Buon Natale, Have a Very Merry Christmas!

Christmas in Tuscany


There is an old saying in Italy, ‘Natale con la tua famiglia, Pasqua con chi vuoi,’ which means ‘Christmas with your family, Easter with whoever you want.’ Christmas is considered such a special and sacred event that it is traditional to enjoy meals and spend time with your family.

In the hill towns of Tuscany, the streets are decorated with Christmas lights and Nativity Scenes. The window displays are sparkling and dazzling, bursting with color that transport you instantly to a fairytale kingdom.

As with most things in Italy, Christmas here is still old-style and traditional. Even the food has been passed down through the generations, gradually evolving into a traditional menu.

Christmas in Italy involves nearly four full weeks of celebrations.

The Holiday Calendar-

The 8th of December is the official beginning of the holiday season.

The holiday meals include Christmas Eve, Christmas Day and the 26th of December, which is Santo Stefano. Then there is a rest of 4 days before everyone is back at the table for the Cenone di Capo d’Anno. This is the New Year’s Eve dinner, which is often based on fish.  This would then be followed by lunch on New Year’s Day.

Epiphany is 5 days later and the last event of the season. This includes the arrival of the Three Wise Men and for Italian children, and the arrival of the Befana, an ugly old witch. The children await her arrival even more than Santa Claus, known as  Babbo Natale. Befana is a bit scary looking with her warts and all, but she keeps the children accountable just like Santa Clause and has treats to distribute. This happens on January 6th, which is the end of the Christmas season.

The Typical Christmas Meal in Italy-

The Christmas table is typically lined with appetizers and nibbles that will often be covered with a special tablecloth hand-made by nonna over a glass of celebratory prosecco. When you toast in Italy, it is very important to clink your glasses and look the other person in the eye. It is tempting to keep your eyes on your drink to ensure that you don’t spill it!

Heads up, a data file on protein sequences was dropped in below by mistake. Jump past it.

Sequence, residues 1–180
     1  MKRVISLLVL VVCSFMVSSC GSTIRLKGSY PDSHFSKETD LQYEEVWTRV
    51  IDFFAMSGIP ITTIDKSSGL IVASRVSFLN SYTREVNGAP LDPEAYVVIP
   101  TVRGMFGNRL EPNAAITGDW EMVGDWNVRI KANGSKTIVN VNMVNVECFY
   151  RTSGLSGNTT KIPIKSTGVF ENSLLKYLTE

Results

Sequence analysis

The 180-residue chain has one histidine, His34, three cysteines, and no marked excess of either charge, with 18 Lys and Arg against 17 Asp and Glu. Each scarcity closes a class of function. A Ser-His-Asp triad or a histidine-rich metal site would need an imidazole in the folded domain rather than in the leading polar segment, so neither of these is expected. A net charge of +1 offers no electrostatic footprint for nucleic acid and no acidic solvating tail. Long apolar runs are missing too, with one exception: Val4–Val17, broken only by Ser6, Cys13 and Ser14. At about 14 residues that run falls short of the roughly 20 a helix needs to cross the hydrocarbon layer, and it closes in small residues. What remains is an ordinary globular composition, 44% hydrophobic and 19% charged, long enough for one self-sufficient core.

The appetizers could be a combination of hams and salamis, cheeses and local olives. Most often you will find a chicken liver pâté on Tuscan bread called ‘Crostini Toscani.’ Flans are popular as well, filled with the season’s freshest vegetables and perhaps some freshly shaved truffles.

The Joy of Homemade Pasta- the First Course –

For the first dish, primo, hand-made tortellini served in broth called brodo is followed by a second first course of pasta, often with a meat sauce like boar or pigeon, or a lasagna.

The Oven Baked Main Course –

After the pasta, an arrosto, or mixed roast meats flavored with rosemary, sage, and garlic is placed on the table.

It’s hard to believe that chickens were once considered a luxury food. But today,  the roast meat for the holidays almost always includes a free range chicken

Veggies –

There is so much food in the appetizer and main course that vegetables often get ignored when a large meal like this is being planned in Tuscany. This is especially true of the simple green salad, or Insalata Mista, which is usually prepared but forgotten with all the savory dishes on the table. The contorni includes side dishes of vegetables. Roasted potatoes with sage and rosemary are a favorite.

Tuscan Sweets –

Siena has developed some desserts that have remained traditional over the years. These include the Panforte, a compact fruit cake with candied fruit and nuts, as well as the decadent Ricciarelli, a cookie made with almonds and sugar.